With tax snafus scalping Tom Daschle and Nancy Killefer—and Treasury Secretary Tim Geithner narrowly escaping a similar fate—the Obama administration has hit its first rough patch.
From Zoe Baird to Linda Chavez, we’ve seen this movie before. The tax code’s complexity (and, sometimes, the nominee’s laxity) invites gotcha politics. Even otherwise-honest filers can make career-crushing mistakes. The silver lining is that maybe Democrats will now embrace tax simplification as change they can believe in.
We haven’t had a serious tax-simplification effort since Reagan. There are famously more words in the US tax code than in the Bible, while Americans spend 200 million hours and $2 billion deciphering their tax documents each year.
The Obama campaign actually proposed a significant tax simplification crafted by its excellent but largely out-of-sight chief economic adviser Austen Goolsbee from the University of Chicago (who is now sitting on the Council of Economic Advisers). I saw Goolsbee speak at a briefing during the convention in Denver, where he laid out a compelling vision for a system where an estimated tax bill was automatically delivered to every American with simple direct income based on data the IRS already has in its files from banks and employers. Citizens could either verify, sign, and file and get on with their life—or file with an accountant to seek more deductions.
This would at least remove the hassle-factor of taxes for many Americans—although, granted, it would not clear up the thorny question of paying Medicare taxes for a driver of a car that has been given to you as a gift by your some-time employer.
The most obvious but still-unlikely solution to these tax fiascos would be a flat tax: Close the loopholes entirely, stop efforts to game the system, make taxes just about revenue generation. This would not just simplify the system and lower marginal rates for most taxpayers, but increase revenue because so much income is questionably but successfully deducted by wealthy citizens who can afford clever accountants. Fiscal conservatives like Steve Forbes and Stephen Moore have fought for this concept, first fleshed out by Robert Hall and Alvin Rabushka at the Hoover Institution and first proposed on a presidential campaign by California Democrat Jerry Brown in 1992.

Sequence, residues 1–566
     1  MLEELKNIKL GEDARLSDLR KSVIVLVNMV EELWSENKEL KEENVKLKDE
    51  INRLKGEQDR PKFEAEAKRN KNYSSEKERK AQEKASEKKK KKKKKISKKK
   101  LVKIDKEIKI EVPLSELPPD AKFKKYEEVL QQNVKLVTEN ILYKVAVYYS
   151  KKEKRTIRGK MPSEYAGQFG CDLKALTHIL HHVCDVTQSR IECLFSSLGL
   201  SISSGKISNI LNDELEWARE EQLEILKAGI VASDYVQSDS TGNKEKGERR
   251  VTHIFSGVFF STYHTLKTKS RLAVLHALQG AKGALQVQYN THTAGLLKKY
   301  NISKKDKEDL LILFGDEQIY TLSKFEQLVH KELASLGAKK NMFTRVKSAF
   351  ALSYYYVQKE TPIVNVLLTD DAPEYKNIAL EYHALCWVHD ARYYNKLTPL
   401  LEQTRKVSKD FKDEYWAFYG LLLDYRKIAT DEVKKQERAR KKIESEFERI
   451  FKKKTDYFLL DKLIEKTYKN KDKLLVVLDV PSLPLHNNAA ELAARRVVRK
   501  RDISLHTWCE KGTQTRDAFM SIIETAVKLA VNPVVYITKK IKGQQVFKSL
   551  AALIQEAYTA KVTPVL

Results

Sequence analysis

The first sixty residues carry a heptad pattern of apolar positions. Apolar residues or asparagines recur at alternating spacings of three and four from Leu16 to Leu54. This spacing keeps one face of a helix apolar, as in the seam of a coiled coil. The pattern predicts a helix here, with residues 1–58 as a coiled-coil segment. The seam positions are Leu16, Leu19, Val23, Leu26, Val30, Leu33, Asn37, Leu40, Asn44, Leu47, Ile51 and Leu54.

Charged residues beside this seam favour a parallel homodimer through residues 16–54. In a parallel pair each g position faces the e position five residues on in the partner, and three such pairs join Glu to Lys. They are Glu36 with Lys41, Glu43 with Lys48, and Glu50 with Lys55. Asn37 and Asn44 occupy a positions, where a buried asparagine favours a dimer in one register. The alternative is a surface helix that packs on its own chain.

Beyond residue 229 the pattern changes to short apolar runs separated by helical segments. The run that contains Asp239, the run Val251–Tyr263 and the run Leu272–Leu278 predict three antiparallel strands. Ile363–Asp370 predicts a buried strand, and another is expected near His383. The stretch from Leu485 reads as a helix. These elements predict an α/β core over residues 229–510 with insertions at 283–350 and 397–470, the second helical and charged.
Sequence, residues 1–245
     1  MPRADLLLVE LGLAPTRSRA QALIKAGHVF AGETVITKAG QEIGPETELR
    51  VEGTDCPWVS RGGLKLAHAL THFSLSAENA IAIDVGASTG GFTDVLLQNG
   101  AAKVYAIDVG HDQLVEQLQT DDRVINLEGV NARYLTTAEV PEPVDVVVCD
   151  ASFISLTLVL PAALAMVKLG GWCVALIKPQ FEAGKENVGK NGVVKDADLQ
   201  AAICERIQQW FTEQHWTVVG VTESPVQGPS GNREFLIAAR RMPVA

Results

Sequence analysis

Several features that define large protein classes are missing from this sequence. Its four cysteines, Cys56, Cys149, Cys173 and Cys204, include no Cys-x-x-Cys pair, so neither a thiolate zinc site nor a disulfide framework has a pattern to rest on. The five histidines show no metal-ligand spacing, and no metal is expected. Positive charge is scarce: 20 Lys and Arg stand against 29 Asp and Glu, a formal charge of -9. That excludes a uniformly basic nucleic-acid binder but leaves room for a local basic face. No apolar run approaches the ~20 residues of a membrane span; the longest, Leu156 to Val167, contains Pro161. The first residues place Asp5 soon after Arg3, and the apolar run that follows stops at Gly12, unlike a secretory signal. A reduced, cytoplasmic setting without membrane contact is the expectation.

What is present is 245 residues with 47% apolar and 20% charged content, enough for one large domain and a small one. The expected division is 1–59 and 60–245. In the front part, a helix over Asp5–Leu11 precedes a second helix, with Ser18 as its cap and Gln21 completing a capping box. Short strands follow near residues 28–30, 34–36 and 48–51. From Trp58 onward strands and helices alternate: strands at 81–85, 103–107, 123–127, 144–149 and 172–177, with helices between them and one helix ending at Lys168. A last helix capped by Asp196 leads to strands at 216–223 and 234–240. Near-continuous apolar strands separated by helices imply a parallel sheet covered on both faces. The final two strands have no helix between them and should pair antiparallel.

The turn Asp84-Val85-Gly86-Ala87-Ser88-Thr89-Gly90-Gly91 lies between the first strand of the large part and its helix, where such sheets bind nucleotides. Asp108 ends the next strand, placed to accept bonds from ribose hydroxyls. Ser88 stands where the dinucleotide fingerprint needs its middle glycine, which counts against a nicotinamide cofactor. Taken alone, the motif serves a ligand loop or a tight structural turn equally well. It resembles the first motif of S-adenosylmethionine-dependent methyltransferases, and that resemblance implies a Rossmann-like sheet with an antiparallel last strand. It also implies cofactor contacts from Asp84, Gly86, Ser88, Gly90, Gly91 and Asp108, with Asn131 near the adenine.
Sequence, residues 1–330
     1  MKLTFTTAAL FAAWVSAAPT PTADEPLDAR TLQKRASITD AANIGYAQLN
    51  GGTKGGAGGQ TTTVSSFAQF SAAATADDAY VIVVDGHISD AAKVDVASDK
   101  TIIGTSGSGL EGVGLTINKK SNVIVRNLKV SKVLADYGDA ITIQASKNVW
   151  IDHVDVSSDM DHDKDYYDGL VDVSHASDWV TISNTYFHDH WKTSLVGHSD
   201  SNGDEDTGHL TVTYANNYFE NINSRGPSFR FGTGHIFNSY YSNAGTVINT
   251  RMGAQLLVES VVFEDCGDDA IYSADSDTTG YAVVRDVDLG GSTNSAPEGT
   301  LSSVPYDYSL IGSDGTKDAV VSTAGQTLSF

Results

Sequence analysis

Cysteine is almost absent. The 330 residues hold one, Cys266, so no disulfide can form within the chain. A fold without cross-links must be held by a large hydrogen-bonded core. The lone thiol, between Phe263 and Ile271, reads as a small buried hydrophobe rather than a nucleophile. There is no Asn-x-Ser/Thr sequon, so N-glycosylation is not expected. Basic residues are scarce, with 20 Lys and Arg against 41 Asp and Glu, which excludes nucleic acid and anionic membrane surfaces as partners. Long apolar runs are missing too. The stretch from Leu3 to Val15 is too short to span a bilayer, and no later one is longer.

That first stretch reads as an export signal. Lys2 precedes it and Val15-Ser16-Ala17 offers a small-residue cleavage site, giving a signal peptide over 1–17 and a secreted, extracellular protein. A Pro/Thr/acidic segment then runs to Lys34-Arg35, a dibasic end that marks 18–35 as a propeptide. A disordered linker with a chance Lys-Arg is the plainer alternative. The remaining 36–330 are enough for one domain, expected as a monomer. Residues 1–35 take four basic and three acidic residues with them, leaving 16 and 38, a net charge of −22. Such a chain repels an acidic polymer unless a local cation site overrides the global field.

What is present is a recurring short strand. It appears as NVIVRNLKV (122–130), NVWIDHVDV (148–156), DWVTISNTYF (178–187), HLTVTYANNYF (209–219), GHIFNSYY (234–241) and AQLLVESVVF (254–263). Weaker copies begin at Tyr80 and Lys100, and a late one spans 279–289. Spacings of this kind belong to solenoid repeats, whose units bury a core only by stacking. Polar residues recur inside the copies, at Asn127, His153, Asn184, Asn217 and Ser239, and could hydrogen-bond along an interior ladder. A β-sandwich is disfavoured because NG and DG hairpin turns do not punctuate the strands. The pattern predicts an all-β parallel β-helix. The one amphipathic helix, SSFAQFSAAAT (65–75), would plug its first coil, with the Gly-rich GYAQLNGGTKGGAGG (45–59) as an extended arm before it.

There are variations on this theme. During the primaries, when I was working on Rudy Giuliani’s campaign, he proposed a Fair and Simple Tax Form—the FAST form—that would return tax forms to one-page, as it was when the income tax was introduced in 1913. It was three rates—30 percent, 15 percent, and 10 percent—preserving only basic deductions like mortgage interest, charitable donations, the child tax credit, as well as state and local taxes.
The idea was to offer a graduated flat tax, so that the Steve Forbes’ of the world would be paying a higher rate than the lower-middle-class family who makes $43,000 a year (when federal income taxes kick in). Additionally, such a flexible, graduated system would not compound the mortgage crisis while charities would not have the revenue rug pulled out from under them at a time when we’ll need them even more than in recent years.
This is not an outer-limits idea—the flat tax has been successfully implemented in more than 20 countries, particularly the former Soviet bloc countries of Eastern Europe, where Milton Friedman looked pretty good after Karl Marx.
But here in America, the argument is essentially about clarity and simplicity. The Obama administration can address these problems not just through presidential apologies but by proposing its own new policy—a dramatic tax simplification that will improve the quality of life for taxpayers while keeping the door open for essentially honest but imperfect people who want to serve their country. Until the tax code is simplified we can expect this and future administrations to be stalled by more tax snafus. And you know what snafu stands for: Situation Normal, All Fucked Up.